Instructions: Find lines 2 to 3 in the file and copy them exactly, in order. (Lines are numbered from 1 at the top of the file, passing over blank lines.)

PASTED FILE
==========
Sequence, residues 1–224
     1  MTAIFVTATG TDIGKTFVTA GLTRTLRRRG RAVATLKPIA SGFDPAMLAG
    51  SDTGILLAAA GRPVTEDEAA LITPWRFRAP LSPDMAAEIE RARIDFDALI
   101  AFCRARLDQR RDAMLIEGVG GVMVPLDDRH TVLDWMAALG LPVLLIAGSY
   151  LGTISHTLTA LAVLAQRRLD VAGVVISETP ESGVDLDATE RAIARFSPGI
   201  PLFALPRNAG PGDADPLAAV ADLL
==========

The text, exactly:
     1  MTAIFVTATG TDIGKTFVTA GLTRTLRRRG RAVATLKPIA SGFDPAMLAG
    51  SDTGILLAAA GRPVTEDEAA LITPWRFRAP LSPDMAAEIE RARIDFDALI